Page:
Quantum computing has the potential to improve the biopharmaceutical industry's research and development of molecular structures, as well as providing value in manufacturing and farther down the value chain. 

    • New medications, for example, cost an average of $2 billion and take more than 10 years to reach the market once they are discovered in R&D. 
    • Quantum computing has the potential to make R&D more quicker, more focused, and accurate by reducing the reliance on trial and error in target identification, drug design, and toxicity assessment. 
    • A shorter R&D timetable might help deliver medications to the correct patients sooner and more efficiently—in other words, it would enhance the quality of life of more people. 
    • Quantum computing might also improve production, logistics, and the supply chain. 

    While it's difficult to predict how much revenue or patient impact such advancements will have, in a $1.5 trillion industry with average EBIT margins of 16 percent (by our calculations), even a 1 to 5% revenue increase would result in $15 billion to $75 billion in additional revenue and $2 billion to $12 billion in EBIT. 


    Quantum-computing applications in banking remain a ways off, and the benefits of any short-term applications are speculative. 

    • However, I feel that portfolio and risk management are the most potential applications of quantum computing in finance. 
    • Quantum-optimized loan portfolios that concentrate on collateral, for example, might let lenders to enhance their services by decreasing interest rates and freeing up money.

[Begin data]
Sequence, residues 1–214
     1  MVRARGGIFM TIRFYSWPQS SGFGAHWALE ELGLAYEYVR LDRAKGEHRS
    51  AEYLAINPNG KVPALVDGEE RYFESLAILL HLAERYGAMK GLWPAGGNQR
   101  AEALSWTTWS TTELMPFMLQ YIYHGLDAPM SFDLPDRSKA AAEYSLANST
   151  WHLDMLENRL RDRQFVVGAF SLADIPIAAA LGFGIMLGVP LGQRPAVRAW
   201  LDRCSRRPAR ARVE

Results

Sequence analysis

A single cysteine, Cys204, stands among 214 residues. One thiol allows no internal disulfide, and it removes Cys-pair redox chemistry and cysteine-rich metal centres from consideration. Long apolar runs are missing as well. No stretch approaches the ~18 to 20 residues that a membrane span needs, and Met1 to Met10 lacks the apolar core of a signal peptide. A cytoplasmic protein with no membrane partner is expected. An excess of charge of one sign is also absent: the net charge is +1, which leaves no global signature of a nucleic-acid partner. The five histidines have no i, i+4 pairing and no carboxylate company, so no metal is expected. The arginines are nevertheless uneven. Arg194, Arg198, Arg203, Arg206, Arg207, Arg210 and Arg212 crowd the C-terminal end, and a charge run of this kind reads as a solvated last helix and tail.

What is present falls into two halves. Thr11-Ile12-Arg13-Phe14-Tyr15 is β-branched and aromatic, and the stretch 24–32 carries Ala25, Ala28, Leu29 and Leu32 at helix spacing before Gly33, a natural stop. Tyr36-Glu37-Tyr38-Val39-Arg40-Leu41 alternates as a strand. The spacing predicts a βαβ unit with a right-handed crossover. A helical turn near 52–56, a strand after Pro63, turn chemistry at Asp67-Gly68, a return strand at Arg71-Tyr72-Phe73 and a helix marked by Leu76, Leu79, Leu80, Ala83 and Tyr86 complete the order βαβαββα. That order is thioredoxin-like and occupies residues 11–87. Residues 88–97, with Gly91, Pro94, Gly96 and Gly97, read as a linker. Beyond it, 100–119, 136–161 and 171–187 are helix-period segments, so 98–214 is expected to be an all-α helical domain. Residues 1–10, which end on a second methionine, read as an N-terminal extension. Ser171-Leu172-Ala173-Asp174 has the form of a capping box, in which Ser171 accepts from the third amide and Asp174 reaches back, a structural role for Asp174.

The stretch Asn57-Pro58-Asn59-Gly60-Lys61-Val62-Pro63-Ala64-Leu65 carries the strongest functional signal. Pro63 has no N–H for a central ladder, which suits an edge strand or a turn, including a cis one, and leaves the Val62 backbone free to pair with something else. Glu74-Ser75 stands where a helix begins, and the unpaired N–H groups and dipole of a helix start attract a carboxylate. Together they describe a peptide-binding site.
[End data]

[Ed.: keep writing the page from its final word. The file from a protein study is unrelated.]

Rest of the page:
Although it is too early—and complicated—to evaluate the value potential of quantum computing–enhanced collateral management, the worldwide loan industry is estimated to be $6.9 trillion in 2021, implying that quantum optimization might have a substantial influence.


    Quantum computing can help the automotive sector with R&D, product design, supply-chain management, manufacturing, mobility, and traffic management. 

    • By improving features such as route planning in complicated multirobot processes (the path a robot travels to perform a job), such as welding, gluing, and painting, the technology might, for example, reduce manufacturing process–related costs and cut cycle times. 

    Even a 2% to 5% increase in efficiency might provide $10 billion to $25 billion in annual value in an industry that spends $500 billion on manufacturing expenditures. 

    ~ Jai Krishna Ponnappan

    You may also want to read more about Quantum Computing here.